The Rhizobium leguminosarum bv. trifolii RosR: Transcriptional Regulator Involved in Exopolysaccharide Production

Department of General Microbiology, University of M. Curie-Skłodowska, Akademicka 19, 20-033 Lublin, Poland.
Molecular Plant-Microbe Interactions (Impact Factor: 3.94). 08/2007; 20(7):867-81. DOI: 10.1094/MPMI-20-7-0867
Source: PubMed


The acidic exopolysaccharide is required for the establishment of symbiosis between the nitrogen-fixing bacterium Rhizobium leguminosarum bv. trifolii and clover. Here, we describe RosR protein from R. leguminosarum bv. trifolii 24.2, a homolog of transcriptional regulators belonging to the family of Ros/MucR proteins. R. leguminosarum bv. trifolii RosR possesses a characteristic Cys2His2 type zinc-finger motif in its C-terminal domain. Recombinant (His)6RosR binds to an RosR-box sequence located up-stream of rosR. Deletion analysis of the rosR upstream region resulted in identification of two -35 to -10 promoter sequences, two conserved inverted palindromic pentamers that resemble the cAMP-CRP binding site of Escherichia coli, inverted repeats identified as a RosR binding site, and other regulatory sequence motifs. When assayed in E. coli, a transcriptional fusion of the cAMP-CRP binding site containing the rosR upstream region and lacZ gene was moderately responsive to glucose. The sensitivity of the rosR promoter to glucose was not observed in E. coli deltacyaA. A rosR frame-shift mutant of R. leguminosarum bv. trifolii formed dry, wrinkled colonies and induced nodules on clover, but did not fix nitrogen. In the rosR mutant, transcription of pssA-lacZ fusion was decreased, indicating positive regulation of the pssA gene by RosR. Multiple copies of rosR in R. leguminosarum bv. trifolii 24.2 increased exopolysaccharide production.

Download full-text


Available from: Monika Janczarek
  • Source
    • "These data indicated that the RosR protein was engaged in regulation of transcription of the pssO, pssN, pssP, and pssF genes. In previous studies, it was confirmed that RosR recognized a sequence motif, called the RosR-box, located in the upstream regions of the rosR and pssA genes and affected their transcription (Janczarek and Skorupska 2007;Janczarek and Urbanik-Sypniewska 2013). The RosR-box is a 22-bp-long sequence containing 9-bp inverted repeats separated by a 4-bp spacer (Fig. 2). "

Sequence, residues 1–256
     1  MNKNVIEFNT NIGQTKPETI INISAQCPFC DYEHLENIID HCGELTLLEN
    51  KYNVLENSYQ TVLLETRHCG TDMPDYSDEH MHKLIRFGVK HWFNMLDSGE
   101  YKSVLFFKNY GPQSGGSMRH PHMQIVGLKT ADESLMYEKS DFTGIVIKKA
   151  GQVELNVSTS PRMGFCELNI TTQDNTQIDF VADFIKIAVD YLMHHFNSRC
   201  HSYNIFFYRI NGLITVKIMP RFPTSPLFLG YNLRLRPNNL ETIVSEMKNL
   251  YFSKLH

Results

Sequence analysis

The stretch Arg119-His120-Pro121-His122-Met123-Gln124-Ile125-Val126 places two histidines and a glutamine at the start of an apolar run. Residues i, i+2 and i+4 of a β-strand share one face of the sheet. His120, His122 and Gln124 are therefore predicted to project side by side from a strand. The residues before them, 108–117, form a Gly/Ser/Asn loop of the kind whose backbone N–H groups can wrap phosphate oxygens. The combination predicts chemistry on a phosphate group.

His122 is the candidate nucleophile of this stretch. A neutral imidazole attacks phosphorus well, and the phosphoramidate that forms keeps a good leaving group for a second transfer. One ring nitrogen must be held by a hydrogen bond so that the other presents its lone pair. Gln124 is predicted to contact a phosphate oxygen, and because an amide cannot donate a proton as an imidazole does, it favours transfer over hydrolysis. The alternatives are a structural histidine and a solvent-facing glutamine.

[Show abstract] [Hide abstract]
    ABSTRACT: Background and aims In the symbiotic bacterium Rhizobium leguminosarum bv. trifolii, a majority of proteins involved in exopolysaccharide (EPS) synthesis are encoded by genes located in a large polysaccharide synthesis cluster (Pss). The aim of this study was genetic characterization of the Pss region in the Rt24.2 strain in the context of EPS production and symbiosis with red clover (Trifolium pratense). Methods The expression of genes located in the Pss cluster was determined using constructed pss-lacZ transcriptional fusions. The role of transcriptional regulator RosR in pss transcription was confirmed using a rosR mutant and the Rt24.2(pBR1) strain carrying multiple rosR copies. An EPS-deficient mutant, Rt770 was obtained using a random mutagenesis and mTn5SSgusA40 transposon. Symbiotic properties of the Rt770 strain in interaction with clover were characterized in inoculation experiments. Infection of host roots and nodule occupancy by this mutant were investigated using both light and electron microscopy. Results Transcriptional levels of particular pss genes differed significantly; the genes encoding glycosyltransferases and enzymes modifying EPS have promoters of weak activities, whereas those encoding proteins involved in EPS polymerization and export possess stronger promoters. Furthermore, RosR affected expression of some pss genes. A mutation in Rt24.2 pssS encoding glucosyltransferase totally abolished EPS synthesis, decreased motility, and increased sensitivity to some stressors. The pssS mutant Rt770 induced formation of nodules on clover roots, which were ineffective in nitrogen fixation. Conclusion EPS secreted by Rt24.2 is required for both adaptation to soil conditions and the establishment of effective symbiosis with clover plants.
    Preview · Article · Jul 2015 · Plant and Soil
  • Source